9/19/2019 | By Calvin Schnure
Commercial property prices can be a double-edged sword. When they are rising, they can provide investors with solid capital gains above and beyond the income received from rents. But if they rise too rapidly and get ahead of fundamentals, investors risk losses from falling prices.
Prices have risen steadily over the past decade, and it is worth taking a look at whether the commercial property market today poses more risk than potential reward. In fact, price gains have accelerated in recent months and in August were 11.5% higher than 12 months earlier, compared to growth in the low single digits since mid-2018. Both the multifamily market and properties excluding multifamily are up at a double-digit rate.
One indication of the risk/reward tradeoff in commercial real estate is whether price gains have been driven by rising net operating income (NOI), or from falling cap rates. While price gains that are supported by income growth are sustainable, increases from cap rate compression may pose risks if NOI does not rise in the future.
It is straightforward to decompose the price gains into these two components. In the following series of charts, the price increase over a year ago (black line) can be separated into a portion from rising NOI (dark blue bars) and another from the change in cap rates (light blue bars) With cap rates for most major property types little changed over the past year, nearly all of the price increase has been fully supported by rising NOI:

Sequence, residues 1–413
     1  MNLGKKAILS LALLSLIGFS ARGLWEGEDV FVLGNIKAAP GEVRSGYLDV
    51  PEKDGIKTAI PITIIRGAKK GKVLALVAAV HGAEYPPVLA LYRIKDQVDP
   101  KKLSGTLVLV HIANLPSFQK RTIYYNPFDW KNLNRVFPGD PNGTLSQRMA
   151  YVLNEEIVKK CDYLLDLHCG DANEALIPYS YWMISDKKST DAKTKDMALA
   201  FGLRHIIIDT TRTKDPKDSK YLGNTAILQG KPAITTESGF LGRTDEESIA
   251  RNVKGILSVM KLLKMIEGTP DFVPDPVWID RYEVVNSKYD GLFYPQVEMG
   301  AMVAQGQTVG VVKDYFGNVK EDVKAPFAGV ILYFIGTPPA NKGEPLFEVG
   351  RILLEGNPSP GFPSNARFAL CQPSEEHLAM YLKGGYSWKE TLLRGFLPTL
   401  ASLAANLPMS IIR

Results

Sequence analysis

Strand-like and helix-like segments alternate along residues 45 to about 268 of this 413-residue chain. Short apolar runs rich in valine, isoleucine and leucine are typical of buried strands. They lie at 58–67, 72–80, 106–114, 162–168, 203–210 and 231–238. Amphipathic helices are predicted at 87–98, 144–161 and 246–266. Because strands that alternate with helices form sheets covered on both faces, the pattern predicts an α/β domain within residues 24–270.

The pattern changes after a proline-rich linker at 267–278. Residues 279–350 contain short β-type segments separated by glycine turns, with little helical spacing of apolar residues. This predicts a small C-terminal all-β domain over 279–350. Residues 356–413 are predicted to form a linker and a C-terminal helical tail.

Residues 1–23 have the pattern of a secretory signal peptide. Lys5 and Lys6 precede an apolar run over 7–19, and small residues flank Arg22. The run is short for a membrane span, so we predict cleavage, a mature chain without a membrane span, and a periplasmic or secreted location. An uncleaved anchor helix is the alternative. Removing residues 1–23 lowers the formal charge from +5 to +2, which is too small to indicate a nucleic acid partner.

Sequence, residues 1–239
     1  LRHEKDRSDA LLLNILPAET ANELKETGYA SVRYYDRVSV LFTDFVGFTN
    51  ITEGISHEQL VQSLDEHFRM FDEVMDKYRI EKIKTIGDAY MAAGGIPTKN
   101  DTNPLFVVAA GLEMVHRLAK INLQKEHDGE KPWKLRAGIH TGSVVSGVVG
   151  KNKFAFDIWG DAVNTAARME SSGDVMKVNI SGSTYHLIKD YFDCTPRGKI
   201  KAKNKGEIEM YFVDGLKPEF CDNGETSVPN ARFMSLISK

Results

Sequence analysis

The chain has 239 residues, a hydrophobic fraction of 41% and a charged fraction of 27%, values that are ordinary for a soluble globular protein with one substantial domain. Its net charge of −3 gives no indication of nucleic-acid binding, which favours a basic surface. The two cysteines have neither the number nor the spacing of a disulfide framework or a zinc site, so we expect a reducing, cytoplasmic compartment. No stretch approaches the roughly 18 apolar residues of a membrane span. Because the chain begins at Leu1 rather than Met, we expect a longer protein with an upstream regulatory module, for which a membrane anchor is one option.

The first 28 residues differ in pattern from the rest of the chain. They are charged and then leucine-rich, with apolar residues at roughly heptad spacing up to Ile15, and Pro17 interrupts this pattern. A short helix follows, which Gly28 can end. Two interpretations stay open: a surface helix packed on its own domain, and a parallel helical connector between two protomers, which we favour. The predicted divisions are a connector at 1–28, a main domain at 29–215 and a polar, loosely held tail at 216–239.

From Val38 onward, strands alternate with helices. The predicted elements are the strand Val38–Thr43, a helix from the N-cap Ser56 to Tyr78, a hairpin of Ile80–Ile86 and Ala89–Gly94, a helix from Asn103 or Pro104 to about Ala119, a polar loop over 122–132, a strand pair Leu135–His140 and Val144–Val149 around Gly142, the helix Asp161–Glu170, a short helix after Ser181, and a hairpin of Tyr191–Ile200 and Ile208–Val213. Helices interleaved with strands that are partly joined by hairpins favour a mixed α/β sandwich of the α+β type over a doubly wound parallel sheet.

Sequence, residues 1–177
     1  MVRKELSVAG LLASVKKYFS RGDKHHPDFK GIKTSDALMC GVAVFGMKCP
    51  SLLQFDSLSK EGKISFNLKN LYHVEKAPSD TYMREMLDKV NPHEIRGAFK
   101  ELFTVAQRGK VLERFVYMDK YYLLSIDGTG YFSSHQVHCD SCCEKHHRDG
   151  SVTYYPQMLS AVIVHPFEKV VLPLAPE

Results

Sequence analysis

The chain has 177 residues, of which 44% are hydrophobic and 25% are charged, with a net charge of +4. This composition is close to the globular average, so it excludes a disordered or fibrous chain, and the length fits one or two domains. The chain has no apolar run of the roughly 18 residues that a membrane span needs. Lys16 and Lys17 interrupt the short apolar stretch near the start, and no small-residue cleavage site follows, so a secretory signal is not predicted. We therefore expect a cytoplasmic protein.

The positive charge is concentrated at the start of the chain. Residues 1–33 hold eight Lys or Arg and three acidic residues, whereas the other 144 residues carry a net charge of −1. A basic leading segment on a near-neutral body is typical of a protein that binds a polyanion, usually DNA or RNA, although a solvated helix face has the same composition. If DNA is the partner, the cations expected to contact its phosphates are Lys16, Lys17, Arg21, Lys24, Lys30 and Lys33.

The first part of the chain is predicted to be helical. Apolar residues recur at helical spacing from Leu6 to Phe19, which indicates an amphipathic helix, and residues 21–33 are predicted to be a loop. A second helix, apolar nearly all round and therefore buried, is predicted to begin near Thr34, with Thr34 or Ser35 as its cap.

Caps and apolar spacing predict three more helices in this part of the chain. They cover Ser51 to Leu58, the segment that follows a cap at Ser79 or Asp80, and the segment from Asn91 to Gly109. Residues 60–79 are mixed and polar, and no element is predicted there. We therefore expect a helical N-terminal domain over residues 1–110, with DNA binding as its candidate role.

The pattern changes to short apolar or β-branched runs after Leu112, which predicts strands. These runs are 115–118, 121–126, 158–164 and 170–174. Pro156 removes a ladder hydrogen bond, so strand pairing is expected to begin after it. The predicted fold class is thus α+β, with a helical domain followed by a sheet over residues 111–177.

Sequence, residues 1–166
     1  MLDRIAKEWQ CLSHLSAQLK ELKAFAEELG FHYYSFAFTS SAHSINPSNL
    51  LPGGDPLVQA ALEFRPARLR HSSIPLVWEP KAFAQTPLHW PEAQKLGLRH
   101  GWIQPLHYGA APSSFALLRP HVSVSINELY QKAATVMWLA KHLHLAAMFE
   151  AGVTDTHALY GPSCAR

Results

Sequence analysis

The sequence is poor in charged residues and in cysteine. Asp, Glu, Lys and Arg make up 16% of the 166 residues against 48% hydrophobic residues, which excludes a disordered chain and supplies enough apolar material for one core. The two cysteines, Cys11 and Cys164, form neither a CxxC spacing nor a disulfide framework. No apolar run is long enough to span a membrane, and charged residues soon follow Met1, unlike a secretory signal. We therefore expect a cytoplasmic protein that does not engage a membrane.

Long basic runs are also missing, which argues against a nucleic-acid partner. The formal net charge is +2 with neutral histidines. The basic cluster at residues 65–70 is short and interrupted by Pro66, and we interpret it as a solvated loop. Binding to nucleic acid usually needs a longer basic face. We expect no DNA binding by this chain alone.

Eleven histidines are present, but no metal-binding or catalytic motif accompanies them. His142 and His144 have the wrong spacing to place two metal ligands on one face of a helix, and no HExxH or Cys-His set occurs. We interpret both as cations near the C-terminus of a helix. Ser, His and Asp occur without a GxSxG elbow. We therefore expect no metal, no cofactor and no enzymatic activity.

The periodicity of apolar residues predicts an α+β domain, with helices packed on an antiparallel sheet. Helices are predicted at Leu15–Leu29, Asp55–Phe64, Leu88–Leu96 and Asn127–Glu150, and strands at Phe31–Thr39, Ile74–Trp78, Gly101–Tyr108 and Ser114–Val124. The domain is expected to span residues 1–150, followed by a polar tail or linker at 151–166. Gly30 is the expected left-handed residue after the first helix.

Office markets have seen a slight increase in cap rates, as NOI growth has outpaced property prices.
Apartment markets have enjoyed solid NOI growth and stable (and low) cap rates.
Industrial properties have had accelerating NOI growth.
Retail property markets have had modest NOI growth, but slightly faster than price increases.
NOI growth has been supported by low vacancy rates. Moreover, new construction has been in line with the growth of demand, which is likely to help keep rents rising (see my recent Market Commentary for an analysis of supply/demand trends through mid-year).
Recent price gains have been driven by rising NOI, not by cap rate compression, suggesting the risk/reward tradeoff in commercial real estate remains attractive.